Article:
Middle Island: The Final Piece to Secure an Entire Archipelago
10 Mar 2022
We're proud to announce that, with your support of our campaign to protect our coastal legacy, the Nature Trust has secured Middle Island, the final island in an archipelago now fully protected by the Nature Trust and other conservation partners.
The race continues to save 3 rare coastal gems – with your help
16 Sep 2021
The Nature Trust has a rare opportunity to save and protect, forever, three iconic coastal properties that span the province, from the southwest shore to the tip of Cape Breton. With only two weeks to raise the final $200,000 needed to protect and steward all three properties in perpetuity, we're calling on the public to donate today to save some of the best of Nova Scotia’s beloved coast.
Sand Beach, A Coastal Treasure
27 Aug 2021
We're proud to introduce a coastal delight that goes above and beyond its straight-to-the-point name: welcome to Sand Beach, being saved with your support through our campaign to protect Twice the Wild.
Nature Trust saves rare coastal gem at Port La Tour
24 Jun 2021
While Nova Scotians are emerging from pandemic lockdown, some flighty south shore residents are also gathering and celebrating! Just in time for our feathered friends’ return, we're proud to announce that we have saved a spectacular coastal wilderness near Port La Tour on Nova Scotia’s south shore. The 364 acre purchase secures one of the province’s last remaining large and ecologically rich coastal properties, and a significant site for migratory, overwintering and nesting birds.
Plaister Cliffs assemblage grows by 99 acres!
21 May 2021
Our Plaister Cliffs assemblage has grown by 99 acres! This new land along the Bras d’Or in Cape Breton protects globally rare gypsum karst and is the latest achievement in our campaign to protect Twice the Wild by 2025.
Advancing Coastal Island Protection and Stewardship
19 May 2021
With thousands of islands along Nova Scotia’s coast, identifying which islands are in most need of protection and stewardship can be challenging. As part of our commitment to advance island conservation, the Nature Trust has been working with partner organizations to improve our collective understanding of coastal islands, identify priorities for protection, and work towards their collaborative stewardship.
Mary Ann Beaton: Mabou heritage now preserved forever
08 Feb 2021
In 1809 the first white settlers landed in Mabou. Alexander and Finlay Beaton had left Scotland in 1804, landing first in Prince Edward Island before crossing the strait to Cape Breton. These men are likely ancestors of Douglas Beaton who had been deeded a woodlot owned by the family since at least the mid-1800's. His widow Mary Ann recently sold this lot to the Nature Trust to form part of the Mabou Highlands Conservation Area.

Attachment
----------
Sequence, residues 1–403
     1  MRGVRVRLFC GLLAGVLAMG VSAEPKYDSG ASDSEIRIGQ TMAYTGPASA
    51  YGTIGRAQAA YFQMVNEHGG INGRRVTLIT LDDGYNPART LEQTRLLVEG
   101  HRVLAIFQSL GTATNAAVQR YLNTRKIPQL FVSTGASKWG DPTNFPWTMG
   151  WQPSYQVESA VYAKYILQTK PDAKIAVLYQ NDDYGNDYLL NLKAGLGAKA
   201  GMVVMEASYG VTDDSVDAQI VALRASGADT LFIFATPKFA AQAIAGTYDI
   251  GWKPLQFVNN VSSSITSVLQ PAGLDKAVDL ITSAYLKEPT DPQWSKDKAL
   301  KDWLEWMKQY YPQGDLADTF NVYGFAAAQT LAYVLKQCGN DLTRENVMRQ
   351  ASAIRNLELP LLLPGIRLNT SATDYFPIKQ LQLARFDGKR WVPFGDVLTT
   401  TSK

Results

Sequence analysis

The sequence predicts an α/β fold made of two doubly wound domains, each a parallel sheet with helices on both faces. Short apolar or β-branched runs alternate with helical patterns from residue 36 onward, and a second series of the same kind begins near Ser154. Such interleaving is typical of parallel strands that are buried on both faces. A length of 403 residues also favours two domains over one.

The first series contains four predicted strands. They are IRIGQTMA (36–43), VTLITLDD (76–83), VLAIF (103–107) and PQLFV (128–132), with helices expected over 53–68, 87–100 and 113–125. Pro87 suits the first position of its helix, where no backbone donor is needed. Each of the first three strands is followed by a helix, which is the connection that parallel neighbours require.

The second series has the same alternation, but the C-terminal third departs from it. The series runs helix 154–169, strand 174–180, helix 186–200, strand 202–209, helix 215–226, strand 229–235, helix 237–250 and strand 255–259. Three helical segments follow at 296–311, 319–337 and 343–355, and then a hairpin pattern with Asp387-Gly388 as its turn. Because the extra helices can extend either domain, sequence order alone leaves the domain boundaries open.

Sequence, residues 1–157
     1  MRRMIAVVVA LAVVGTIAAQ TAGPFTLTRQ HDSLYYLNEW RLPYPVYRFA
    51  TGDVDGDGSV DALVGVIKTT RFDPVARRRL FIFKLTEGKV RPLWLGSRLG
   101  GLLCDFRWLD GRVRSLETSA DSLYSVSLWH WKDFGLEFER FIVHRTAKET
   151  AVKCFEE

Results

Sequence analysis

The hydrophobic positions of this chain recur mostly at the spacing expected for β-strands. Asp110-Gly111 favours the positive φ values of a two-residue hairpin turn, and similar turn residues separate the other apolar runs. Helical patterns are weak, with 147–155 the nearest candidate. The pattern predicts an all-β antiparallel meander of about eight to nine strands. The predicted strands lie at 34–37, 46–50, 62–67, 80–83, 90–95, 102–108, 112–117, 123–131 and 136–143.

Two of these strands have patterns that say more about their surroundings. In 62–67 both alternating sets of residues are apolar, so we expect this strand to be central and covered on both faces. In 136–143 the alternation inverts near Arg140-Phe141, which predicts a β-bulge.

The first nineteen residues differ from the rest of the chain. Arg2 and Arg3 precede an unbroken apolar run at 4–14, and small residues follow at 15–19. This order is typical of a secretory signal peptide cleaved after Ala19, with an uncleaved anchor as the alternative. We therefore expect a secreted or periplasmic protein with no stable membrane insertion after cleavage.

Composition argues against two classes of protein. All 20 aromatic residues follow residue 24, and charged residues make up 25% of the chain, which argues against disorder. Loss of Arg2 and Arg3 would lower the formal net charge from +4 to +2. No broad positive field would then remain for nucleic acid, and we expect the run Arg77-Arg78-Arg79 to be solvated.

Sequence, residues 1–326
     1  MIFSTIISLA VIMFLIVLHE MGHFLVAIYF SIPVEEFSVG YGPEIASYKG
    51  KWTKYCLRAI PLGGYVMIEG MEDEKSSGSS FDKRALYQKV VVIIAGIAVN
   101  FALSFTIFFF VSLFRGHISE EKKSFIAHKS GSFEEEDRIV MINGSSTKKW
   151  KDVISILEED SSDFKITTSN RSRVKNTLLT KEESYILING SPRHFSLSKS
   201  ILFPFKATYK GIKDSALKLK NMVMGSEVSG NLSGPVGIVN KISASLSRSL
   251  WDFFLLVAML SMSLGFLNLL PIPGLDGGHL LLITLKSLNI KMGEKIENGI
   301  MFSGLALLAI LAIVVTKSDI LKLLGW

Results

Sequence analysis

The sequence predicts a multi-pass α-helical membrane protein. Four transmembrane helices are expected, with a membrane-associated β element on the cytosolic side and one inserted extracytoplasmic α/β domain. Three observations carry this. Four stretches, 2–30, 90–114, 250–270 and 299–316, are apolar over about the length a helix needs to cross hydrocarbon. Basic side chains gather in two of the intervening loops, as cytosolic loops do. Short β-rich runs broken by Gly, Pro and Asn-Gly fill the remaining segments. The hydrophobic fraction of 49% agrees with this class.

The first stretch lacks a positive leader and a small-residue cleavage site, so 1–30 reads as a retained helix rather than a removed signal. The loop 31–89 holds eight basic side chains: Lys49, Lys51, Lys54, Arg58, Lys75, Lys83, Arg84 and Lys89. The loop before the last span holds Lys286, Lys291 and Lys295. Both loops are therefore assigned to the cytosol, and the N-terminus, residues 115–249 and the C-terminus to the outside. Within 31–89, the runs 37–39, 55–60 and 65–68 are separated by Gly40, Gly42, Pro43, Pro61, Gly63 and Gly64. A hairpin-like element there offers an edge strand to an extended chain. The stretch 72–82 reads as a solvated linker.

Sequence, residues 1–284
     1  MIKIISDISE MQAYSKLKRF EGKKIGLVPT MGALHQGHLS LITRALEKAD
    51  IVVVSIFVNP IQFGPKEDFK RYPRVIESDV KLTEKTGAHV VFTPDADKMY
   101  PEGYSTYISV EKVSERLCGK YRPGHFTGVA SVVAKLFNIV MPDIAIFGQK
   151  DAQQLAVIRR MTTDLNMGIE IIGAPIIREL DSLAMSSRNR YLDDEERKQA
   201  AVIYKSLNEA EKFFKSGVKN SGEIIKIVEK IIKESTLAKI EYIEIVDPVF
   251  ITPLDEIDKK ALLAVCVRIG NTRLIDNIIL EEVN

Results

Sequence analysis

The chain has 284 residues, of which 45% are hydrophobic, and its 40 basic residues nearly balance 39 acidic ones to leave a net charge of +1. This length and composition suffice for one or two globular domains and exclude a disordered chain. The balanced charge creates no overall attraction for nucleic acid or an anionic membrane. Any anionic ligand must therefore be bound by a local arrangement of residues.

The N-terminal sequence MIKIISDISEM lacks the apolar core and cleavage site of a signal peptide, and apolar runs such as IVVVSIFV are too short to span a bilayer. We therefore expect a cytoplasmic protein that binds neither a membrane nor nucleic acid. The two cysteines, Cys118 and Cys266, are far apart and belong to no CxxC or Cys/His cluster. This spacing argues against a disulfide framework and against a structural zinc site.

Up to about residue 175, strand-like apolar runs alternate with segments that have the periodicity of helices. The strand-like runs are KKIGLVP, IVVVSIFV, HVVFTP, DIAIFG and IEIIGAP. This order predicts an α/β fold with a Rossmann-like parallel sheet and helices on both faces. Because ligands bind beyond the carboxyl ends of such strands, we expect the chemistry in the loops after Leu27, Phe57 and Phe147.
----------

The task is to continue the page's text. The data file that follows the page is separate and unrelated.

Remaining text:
MapleCross: Investing in Canada’s Natural Heritage
27 Jan 2021
Thanks to the inspiring investment of an exciting new conservation partner, the Nature Trust was able to protect, forever, the ecological gem called Spectacle Island. While Isobel Ralston and Jan Oudenes, founders of the Ontario-based MapleCross fund, have invested significantly in numerous land trust projects all across Canada in the last three years, Spectacle Island is their first project in Nova Scotia and brings a new source of funding for urgent land conservation efforts here.
Sheltering the Tusket Islands
01 Dec 2020
This year, we added two pieces to our growing network of protected island habitat in the Tusket Islands, a chain of islands that is globally significant for bird recovery and conservation. In addition to generous donations from individual and family donors, the Nature Trust was able to leverage significant matching funds offered by governmental and other major funding partners through our Twice the Wild campaign, to ensure that these ecologically irreplaceable lands will be protected - forever.
‘Listening Together’ for coastal island and bird conservation
31 Aug 2020
How do we best care for and monitor isolated, hard to access places like coastal islands? A collaborative, community-based project launched last year is helping us and other conservation partners to answer that question with the use of bioacoustic monitoring technology.